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    Quote Originally Posted by drjoyous View Post
    It might seem expensive, but you might invest in a trainer at your new gym, if only to learn the correct techniques for lifting whatever. It's not as easy as it sounds (!) and you can injure your joints with bad technique...
    I'd advise against this, especially at large commercial gyms. The trainers usually know a smidge more than nothing.

    I would second the suggestion to read Starting Strength by Rippetoe. I wouldn't bother with Stronglifts.

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    I agree with barbells machines are just not needed

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    Quote Originally Posted by quikky View Post
    I'd advise against this, especially at large commercial gyms. The trainers usually know a smidge more than nothing.
    I do not agree with your statement. Certainly there are poor trainers that lack certification and/or a clue, but they can be found anywhere. And the same thing can be said about many industries - there are lawyers and doctors out there without a clue too. If you do the proper research, then you can find a decent trainer. If you know what questions to ask you can certainly find out whether you are speaking with someone who knows what they are talking about.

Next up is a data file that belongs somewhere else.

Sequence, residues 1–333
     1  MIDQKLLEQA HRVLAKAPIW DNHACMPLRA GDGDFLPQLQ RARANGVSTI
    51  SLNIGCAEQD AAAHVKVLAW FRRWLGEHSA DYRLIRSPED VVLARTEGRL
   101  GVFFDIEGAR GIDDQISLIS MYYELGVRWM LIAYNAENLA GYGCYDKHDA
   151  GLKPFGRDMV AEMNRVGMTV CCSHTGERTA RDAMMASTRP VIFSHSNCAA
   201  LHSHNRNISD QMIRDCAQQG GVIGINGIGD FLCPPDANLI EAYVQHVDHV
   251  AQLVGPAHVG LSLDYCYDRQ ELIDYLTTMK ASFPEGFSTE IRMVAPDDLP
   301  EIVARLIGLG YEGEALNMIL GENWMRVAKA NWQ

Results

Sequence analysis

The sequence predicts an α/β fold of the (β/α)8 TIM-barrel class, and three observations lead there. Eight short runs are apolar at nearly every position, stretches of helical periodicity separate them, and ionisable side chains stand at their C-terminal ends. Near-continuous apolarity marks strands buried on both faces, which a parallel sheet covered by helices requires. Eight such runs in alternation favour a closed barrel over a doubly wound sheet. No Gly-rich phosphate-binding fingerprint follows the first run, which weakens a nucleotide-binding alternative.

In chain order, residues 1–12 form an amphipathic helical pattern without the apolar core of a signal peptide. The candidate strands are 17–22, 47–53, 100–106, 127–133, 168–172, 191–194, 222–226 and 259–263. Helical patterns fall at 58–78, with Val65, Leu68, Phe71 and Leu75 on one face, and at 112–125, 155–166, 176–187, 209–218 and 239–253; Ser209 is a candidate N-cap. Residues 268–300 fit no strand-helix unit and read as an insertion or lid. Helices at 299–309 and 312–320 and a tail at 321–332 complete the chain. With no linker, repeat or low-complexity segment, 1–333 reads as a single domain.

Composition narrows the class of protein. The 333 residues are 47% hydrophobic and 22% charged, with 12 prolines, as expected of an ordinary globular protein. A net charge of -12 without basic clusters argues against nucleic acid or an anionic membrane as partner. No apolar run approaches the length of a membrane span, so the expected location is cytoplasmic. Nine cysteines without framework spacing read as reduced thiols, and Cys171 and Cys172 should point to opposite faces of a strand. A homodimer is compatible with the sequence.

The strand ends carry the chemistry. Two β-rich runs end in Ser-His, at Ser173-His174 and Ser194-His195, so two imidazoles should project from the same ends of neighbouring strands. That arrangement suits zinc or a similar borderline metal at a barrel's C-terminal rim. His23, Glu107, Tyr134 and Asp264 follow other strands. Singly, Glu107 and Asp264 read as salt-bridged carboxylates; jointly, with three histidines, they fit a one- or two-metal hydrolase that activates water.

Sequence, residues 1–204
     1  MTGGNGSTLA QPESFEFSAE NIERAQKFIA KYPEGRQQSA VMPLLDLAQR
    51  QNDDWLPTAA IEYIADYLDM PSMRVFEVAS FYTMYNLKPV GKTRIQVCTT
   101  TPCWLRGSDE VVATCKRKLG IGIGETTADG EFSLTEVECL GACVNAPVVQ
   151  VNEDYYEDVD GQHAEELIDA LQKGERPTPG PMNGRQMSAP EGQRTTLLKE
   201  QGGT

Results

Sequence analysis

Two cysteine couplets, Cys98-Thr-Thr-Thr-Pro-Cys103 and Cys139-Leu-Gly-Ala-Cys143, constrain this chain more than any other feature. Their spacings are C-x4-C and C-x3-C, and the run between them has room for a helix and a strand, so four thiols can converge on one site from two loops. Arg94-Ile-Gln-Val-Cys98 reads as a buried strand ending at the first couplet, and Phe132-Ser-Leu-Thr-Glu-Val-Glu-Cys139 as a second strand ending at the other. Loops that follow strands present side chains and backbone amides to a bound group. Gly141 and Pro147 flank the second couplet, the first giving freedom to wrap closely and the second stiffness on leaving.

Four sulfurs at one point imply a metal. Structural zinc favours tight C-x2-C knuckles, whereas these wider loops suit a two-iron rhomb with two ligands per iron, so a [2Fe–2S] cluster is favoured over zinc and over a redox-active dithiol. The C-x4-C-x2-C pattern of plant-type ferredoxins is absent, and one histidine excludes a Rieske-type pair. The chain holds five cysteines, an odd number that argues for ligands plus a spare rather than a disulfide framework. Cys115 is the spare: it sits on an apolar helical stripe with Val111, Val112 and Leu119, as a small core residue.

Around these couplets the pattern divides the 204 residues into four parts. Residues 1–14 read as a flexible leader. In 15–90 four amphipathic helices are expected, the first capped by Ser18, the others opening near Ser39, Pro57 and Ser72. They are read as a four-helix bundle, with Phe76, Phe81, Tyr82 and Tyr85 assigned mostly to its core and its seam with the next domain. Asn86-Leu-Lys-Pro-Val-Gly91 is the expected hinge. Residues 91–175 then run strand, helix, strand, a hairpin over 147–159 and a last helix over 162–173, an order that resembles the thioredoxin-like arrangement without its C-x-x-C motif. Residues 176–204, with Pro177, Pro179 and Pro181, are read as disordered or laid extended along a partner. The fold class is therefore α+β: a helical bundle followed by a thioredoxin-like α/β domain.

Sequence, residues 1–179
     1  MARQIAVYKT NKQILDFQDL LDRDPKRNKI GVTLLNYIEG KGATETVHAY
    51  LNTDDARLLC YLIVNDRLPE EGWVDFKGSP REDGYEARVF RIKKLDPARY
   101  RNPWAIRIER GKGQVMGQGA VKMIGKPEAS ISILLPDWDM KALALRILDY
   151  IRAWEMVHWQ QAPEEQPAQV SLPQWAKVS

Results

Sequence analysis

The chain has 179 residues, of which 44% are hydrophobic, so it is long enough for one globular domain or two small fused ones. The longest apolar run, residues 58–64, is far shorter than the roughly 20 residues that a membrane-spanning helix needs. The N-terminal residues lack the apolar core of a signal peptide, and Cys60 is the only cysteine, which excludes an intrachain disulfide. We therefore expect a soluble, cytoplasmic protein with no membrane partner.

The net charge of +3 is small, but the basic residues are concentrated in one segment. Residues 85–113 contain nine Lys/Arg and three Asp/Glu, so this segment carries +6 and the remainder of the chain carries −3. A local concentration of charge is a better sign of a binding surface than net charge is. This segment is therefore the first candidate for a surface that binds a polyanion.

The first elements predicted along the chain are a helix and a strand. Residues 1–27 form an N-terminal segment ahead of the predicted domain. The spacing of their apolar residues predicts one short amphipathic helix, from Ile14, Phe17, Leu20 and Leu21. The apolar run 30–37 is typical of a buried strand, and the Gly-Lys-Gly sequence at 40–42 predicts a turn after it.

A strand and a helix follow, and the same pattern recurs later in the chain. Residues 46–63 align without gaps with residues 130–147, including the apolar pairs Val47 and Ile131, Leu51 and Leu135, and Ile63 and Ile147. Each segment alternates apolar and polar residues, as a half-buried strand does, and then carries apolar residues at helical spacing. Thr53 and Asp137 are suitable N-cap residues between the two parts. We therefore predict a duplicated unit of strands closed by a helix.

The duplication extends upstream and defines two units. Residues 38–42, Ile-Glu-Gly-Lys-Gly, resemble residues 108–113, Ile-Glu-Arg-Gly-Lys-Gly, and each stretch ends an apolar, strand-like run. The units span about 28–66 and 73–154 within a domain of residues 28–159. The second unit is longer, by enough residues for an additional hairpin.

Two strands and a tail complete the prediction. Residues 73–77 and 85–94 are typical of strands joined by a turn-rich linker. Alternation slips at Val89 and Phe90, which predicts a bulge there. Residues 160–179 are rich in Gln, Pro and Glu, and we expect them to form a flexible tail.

I belong to a commercial gym and have a trainer who is a former power lifter with all the right credentials, education and background. We focus on form and quality - not quantity. I've been with him for over a year now - lost over 40 pounds and have increased my lifts into the advanced/elite categories, never injured - not once. And I come from a background of being chronically overweight and was never an athlete and had never lifted a weight in my entire life.

    OP: If you are interested in learning how to lift, I would suggest speaking with your gym and finding out whether the trainers there have the proper credentials. Ask about education, certifications (look up which ones are legitimate and which ones are online certifications and learn the difference), ask for testimonials from former/current clients, etc. If you are not impressed, don't hire them. I can tell you from experience that as a woman interested in learning how to weight lift properly -- that hiring a trainer was the best thing I could have done. It helped to boost my confidence in the weight room (a struggling point for most beginning female lifters) and I picked up everything must more quickly than if I had tried to teach myself.

    If you are more interested in self-teaching (which is also great! Just something I could not have done myself over a year ago) - check out this site: stumptuous.com
    Lots of great articles, videos and tips can be found there! It's just one of many many resources out there - but this one is specifically written for the ladies.

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    Primal Blueprint Expert Certification
    Start with practicing your form. It doesn't matter if you can deadlift 200lbs if you wreck your back in the process. Pick a few lifts and go light at first until you are sure you are doing them correctly. People who don't know how to do a good air squat, for instance, shouldn't add any weight at all until they get the squat down. Chest up, butt down, weight on the heels, all that.

    As far as goals, I have a blend of fitness and vanity goals, haha... I want to BE strong, and I also want to LOOK strong. I want that defined, toned look in my upper arms, abs, etc. (Don't worry about looking like a manly bodybuilder with biceps as wide as your head -- you'd have to do steroids to get muscles that big. Another common misconception about strength training for women.)